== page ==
Science Reveals Exactly How Anger Damages the Brain and Body

Dr. Christine Bradstreet

*all images open source form unless otherwise noted.

Emotions are more than just feelings. They directly affect your physical body by triggering a chemical cascade. So, while anger is an emotion (sometimes to excess), it becomes a physical thing.

Here’s the exact mechanism that takes anger from your brain to your body.

At the first hint of anger, the amygdala part of your brain gets activated. The amygdala is a small, almond shaped portion of the brain and is mostly associated with emotional processes.

The triggering happens faster than you can be aware of it.

The amygdala sets off the stress response system.

The stress response system involves the hypothalamus, the pituitary, and the adrenal glands. (known as the HPA axis)

In short, the hypothalamus is a part of your brain that controls your autonomic nervous system (all the things you do without having to think about them).

The pituitary, among other things, controls and coordinates hormone secreting glands.

Your adrenal glands aren’t part of your brain. They sit on top of your kidneys and they secrete stress hormones along with others.

It’s a near instant chain reaction.

The amygdala signals the hypothalamus.
The hypothalamus signals the pituitary via corticotropin releasing hormone (CRH).
The pituitary signals the adrenal glands via adrenocorticotropic hormone (ACTH).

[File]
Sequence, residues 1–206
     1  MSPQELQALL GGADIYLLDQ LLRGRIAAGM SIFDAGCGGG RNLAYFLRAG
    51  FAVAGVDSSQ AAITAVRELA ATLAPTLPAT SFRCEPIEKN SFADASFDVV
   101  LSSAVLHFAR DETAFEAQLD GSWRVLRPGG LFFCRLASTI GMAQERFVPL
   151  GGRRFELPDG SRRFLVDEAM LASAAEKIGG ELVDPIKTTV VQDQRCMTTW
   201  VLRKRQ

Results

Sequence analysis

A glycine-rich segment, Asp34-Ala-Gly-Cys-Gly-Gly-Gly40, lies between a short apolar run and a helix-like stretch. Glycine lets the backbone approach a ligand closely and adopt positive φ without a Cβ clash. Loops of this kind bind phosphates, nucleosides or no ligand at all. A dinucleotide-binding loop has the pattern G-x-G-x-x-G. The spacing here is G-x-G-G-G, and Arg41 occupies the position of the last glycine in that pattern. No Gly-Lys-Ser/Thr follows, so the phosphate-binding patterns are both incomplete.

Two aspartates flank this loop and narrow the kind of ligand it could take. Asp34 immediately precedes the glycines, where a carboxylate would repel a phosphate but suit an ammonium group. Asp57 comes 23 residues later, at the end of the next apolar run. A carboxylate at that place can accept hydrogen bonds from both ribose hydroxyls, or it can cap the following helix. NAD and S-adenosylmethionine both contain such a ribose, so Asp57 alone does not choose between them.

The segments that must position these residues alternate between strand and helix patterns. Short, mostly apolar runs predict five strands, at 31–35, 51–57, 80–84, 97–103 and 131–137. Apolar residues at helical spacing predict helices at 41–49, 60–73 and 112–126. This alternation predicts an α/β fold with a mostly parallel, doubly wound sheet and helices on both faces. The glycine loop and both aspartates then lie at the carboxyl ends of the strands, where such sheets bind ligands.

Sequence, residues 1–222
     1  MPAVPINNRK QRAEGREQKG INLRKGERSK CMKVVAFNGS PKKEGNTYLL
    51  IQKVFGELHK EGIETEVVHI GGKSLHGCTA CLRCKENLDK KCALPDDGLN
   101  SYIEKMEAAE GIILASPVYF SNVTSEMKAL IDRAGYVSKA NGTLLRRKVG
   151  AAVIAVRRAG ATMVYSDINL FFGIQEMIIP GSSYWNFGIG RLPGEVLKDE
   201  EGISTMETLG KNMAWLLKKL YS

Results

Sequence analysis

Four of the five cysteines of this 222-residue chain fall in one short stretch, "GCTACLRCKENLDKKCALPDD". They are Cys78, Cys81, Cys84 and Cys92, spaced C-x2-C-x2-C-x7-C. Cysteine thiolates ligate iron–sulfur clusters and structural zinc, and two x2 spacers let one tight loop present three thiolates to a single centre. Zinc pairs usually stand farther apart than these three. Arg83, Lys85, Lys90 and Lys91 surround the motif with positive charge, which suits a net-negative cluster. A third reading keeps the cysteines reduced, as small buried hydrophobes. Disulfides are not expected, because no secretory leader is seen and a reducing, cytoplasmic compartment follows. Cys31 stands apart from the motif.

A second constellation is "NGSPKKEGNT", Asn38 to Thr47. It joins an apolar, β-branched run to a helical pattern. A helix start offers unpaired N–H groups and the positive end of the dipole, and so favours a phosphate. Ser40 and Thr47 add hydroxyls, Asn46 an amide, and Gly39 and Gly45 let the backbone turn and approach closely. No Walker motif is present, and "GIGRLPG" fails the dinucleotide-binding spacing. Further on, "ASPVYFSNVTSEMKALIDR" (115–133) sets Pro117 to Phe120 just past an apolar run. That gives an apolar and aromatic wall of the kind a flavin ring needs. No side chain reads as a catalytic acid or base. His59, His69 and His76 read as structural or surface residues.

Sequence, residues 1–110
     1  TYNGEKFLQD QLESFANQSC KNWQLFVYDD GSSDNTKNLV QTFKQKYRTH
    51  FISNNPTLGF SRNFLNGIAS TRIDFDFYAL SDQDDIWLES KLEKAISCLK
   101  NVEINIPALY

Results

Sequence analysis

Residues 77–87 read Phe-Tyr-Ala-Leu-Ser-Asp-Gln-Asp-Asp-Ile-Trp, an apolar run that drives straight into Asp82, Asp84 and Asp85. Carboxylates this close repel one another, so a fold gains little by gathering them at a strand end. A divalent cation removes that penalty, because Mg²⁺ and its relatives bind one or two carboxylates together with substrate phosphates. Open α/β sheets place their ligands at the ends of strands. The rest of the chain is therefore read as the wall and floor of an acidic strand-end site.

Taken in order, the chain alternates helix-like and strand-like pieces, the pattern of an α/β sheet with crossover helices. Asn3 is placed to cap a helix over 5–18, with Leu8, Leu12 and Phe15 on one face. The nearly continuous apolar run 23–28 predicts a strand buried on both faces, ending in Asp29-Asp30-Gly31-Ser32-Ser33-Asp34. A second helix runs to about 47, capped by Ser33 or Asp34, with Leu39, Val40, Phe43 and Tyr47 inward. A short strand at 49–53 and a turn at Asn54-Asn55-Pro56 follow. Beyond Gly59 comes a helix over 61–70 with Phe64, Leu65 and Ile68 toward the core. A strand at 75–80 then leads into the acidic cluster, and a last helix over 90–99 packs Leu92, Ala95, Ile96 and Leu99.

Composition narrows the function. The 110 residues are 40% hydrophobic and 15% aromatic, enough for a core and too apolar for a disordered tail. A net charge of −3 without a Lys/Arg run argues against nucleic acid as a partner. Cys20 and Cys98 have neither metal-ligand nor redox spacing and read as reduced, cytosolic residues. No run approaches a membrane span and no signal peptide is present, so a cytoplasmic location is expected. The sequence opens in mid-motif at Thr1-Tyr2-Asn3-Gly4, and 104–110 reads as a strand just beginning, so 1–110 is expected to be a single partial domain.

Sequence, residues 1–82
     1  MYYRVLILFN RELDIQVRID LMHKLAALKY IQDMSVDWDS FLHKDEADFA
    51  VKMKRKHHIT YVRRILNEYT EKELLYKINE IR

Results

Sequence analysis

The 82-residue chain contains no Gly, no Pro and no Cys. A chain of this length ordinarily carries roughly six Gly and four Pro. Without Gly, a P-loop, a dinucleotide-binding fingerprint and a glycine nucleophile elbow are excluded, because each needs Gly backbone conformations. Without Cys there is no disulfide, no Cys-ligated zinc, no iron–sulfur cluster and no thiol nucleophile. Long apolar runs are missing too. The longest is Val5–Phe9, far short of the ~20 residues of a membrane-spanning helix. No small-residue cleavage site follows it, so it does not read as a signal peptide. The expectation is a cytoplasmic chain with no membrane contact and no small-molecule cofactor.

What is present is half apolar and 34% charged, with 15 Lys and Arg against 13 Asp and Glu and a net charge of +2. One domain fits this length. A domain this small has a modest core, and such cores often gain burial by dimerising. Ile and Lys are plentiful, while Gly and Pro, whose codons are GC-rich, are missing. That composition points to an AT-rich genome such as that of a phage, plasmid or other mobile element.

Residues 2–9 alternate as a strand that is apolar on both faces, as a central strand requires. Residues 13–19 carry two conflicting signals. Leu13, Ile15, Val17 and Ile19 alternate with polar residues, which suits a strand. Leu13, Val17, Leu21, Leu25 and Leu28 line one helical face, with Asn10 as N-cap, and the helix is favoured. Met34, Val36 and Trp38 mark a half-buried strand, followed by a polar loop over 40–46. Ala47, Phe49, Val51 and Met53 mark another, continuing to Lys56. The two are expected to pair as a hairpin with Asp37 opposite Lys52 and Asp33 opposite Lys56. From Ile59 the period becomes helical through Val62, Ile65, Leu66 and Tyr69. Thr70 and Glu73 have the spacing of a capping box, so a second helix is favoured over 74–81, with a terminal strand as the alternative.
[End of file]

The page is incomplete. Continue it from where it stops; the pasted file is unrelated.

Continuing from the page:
Then the adrenal glands release the stress hormones cortisol, adrenalin, and noradrenalin.

Check out this fantastic infographic courtesy of The National Institute for the Clinical Application of Behavioral Medicine (NICABM).

At the right time and in the right amount, we need this stress response system.

The trouble is, many of us are living life in a constant loop of stress and anger.

Even after the anger diminishes, it takes time for the hormones to dissipate in the body. The effects of the hormones last even longer.

Pile on anger after anger after anger, and it’s easy to see how the body can eventually break down as the result.

The physical damage from anger accumulates little by little until eventually you have a full blown problem.

Anger in the body shows up as disease.

  • Headaches and migraines.
  • Increased heart rate, blood pressure, blood glucose, and blood fatty acids.
  • Increased likelihood of stroke and heart attack.
  • Lowered bone density.
  • Slow metabolism (and subsequent obesity).
  • Decreased blood flow to the digestive system.
  • Decreased thyroid function.
  • Vision decline.
  • Weakened immune response.

This is a long, but incomplete, list of all the physical problems that stem from anger. They’re physical problems with an emotional beginning.

This is why most medical interventions have poor results when it comes to chronic and painful conditions.

Most medical interventions are ineffective or short lived because they address the physical problem, but it’s really an emotional problem.

You might be able to find a medicine or a surgery that temporarily puts a patch over the damage, but the stress response system keeps getting triggered.

To really experience healing, you have to get to the root of the problem.